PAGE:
Caroline needed me, but it was separate from her love for me. She loves me so completely – it’s unlike anything I’ve ever experienced. When I walk into a room, she lights up, she gets so excited. I have the ability to make her day better, just by existing, by being me. She doesn’t care if I’m perfect or that I lost 30 pounds, she doesn’t care what my GPA is like or if I make enough money; she cares about walks and treats and cuddles. She wants to be close to me, and doesn’t want to be apart from me for any longer than necessary. I can comfort her when she is sad, but I don’t have to take responsibility for her sadness or happiness. I make her happy, but not by doing certain things or being a certain way, I just have to be me and be present. Even though I have had cats for 14 years, it’s nothing like having a dog. Caroline loves me in a way that no person or animal or being has ever loved me. In her loving me, I could not help but love her back completely, 100%. There really isn’t an option to hold part of yourself back with a creature that believes that you are the sun. A being who goes from slumping on her bed dejectedly to wagging the entire bottom half of her body because you walked in the front door. There’s no way to give only 3/4 of your heart to a love like that. I don’t know that I really knew what true, real, laid-bare love was before Caroline loved me and in turn allowed me to love her without limits.

I can’t articulate for you the internal work that made it possible for me to open up all those tiny, walled-off parts in my heart to my dog and because of that do it again later, with another human being. There isn’t an internal dialogue that I had about love and fear. It was just the very act of her loving me, the volume of her love, the completeness of it, that awakened in me the knowledge that love was different than what I thought it was for the first 31 years of my life. I know a lot of people say that they didn’t really rescue their dog, but their dog really rescued them. Even though it’s a cliche, I know that it is true for me. Dogs are incredible creatures. They go through abuse, neglect, and abandonment that most human beings will never experience, and they still open themselves up again. Dogs that are beaten, burned with fire and chemicals, mutilated, cut, yelled at, shoved out of moving cars, thrown over animal shelter fences, dumped in ditches out in the country, thrown in bags onto highways (sorry, yes these are all stories I have read on animal shelter/rescue facebook pages) dogs that are chained to trucks and dragged and somehow survive blossom when they are loved by people. They trust when they have no reason to. They love after they have been hurt beyond reason. They open up their tiny hearts once again and give themselves over fully to people that they don’t know won’t hurt them like they’ve been hurt before, but they do it anyway. Maybe they have an instinct about it that we humans don’t – but I think that in reality they have a resiliency that we don’t. Caroline didn’t know that I wouldn’t abandon her the way she was abandoned before. In fact, I think she sometimes thinks I’m putting her in the car to take her someplace and leave her. That doesn’t stop her from loving me in a huge way. I know that I would never have had the courage to open up to another human being in the way that I have opened up to my boyfriend if I hadn’t first been loved by Caroline. In loving me and allowing me to love her, Caroline taught me how to love another person. I know that I would not be the person I am today if she had not come into my life. I am immeasurably grateful to her for it. ❤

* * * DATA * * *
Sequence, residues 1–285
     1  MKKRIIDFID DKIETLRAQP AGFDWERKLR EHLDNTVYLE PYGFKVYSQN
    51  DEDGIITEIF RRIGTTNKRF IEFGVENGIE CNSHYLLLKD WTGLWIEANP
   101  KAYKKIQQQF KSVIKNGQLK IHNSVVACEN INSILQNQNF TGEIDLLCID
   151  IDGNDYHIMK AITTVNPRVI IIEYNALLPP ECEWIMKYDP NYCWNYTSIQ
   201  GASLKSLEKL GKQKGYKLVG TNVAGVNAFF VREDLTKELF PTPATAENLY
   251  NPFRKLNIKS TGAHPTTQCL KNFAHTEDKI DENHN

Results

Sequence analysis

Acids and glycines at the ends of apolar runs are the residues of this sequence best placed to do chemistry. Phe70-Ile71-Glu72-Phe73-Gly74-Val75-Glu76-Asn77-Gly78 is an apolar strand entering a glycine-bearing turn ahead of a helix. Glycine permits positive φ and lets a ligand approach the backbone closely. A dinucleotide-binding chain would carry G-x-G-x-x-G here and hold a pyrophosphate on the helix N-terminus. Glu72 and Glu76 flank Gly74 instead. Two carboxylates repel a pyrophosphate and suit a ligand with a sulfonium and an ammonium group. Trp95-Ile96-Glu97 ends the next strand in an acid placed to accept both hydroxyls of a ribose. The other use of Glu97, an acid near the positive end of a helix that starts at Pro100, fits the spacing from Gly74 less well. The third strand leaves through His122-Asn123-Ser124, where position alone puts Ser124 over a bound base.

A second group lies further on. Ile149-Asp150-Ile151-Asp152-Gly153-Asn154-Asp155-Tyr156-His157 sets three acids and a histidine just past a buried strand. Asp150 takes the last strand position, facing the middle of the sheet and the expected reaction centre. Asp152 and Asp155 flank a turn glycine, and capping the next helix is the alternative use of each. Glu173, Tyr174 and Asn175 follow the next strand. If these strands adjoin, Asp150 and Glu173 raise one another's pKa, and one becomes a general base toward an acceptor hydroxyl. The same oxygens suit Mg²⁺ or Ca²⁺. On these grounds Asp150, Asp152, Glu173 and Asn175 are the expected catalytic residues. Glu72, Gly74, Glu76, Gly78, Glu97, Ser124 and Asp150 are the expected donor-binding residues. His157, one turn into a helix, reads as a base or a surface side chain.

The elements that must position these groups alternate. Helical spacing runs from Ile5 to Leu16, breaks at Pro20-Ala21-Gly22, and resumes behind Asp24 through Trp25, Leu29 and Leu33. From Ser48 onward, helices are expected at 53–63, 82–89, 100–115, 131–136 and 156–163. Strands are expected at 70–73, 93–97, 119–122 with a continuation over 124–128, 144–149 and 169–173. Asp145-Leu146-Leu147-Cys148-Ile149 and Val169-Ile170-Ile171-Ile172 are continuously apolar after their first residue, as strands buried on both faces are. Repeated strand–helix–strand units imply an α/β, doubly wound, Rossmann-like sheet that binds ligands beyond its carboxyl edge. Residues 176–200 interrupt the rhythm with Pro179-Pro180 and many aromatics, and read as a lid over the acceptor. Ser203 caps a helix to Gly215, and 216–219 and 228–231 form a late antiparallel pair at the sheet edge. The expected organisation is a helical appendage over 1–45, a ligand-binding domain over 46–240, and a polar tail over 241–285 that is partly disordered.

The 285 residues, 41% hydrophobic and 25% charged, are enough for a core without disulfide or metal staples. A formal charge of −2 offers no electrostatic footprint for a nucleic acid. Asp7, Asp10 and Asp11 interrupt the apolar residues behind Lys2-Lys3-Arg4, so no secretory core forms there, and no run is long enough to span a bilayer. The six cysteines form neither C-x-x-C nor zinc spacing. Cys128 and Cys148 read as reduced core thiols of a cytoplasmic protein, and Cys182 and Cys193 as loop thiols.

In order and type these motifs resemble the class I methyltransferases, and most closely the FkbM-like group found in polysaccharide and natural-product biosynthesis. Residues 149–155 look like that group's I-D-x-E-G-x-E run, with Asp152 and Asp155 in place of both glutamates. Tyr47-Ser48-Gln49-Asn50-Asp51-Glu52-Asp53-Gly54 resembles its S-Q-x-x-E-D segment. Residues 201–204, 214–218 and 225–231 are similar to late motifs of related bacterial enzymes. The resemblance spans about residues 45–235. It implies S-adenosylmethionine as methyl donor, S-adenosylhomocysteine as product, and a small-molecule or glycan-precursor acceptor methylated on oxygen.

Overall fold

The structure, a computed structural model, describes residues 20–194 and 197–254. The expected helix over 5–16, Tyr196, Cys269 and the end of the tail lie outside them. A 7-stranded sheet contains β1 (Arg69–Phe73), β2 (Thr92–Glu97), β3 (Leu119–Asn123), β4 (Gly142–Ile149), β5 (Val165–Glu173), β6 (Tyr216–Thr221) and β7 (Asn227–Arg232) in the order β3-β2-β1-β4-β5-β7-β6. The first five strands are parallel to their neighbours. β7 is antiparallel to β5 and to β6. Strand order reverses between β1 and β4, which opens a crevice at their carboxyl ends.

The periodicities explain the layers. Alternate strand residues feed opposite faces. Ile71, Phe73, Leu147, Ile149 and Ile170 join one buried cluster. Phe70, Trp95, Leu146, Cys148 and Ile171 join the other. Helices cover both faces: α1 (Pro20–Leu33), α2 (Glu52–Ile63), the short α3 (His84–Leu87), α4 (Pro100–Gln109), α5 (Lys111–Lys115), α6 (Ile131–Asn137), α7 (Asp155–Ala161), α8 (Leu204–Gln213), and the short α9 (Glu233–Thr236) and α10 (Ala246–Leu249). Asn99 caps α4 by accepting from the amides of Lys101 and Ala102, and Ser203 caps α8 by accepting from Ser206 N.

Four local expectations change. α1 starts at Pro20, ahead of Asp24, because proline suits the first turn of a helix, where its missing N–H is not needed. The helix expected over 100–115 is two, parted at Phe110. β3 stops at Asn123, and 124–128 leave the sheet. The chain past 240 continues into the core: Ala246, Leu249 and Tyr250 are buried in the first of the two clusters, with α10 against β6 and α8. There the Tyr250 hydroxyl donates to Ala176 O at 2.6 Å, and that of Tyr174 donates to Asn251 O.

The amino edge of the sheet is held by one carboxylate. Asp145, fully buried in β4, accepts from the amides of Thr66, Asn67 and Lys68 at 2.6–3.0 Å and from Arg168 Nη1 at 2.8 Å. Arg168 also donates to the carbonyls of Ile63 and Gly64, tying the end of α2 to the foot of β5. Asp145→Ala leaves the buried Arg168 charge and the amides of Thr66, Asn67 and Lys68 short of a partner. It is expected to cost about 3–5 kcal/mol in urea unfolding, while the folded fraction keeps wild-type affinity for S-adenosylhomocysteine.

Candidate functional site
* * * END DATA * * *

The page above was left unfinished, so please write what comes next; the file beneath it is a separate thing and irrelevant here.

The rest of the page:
me and caroline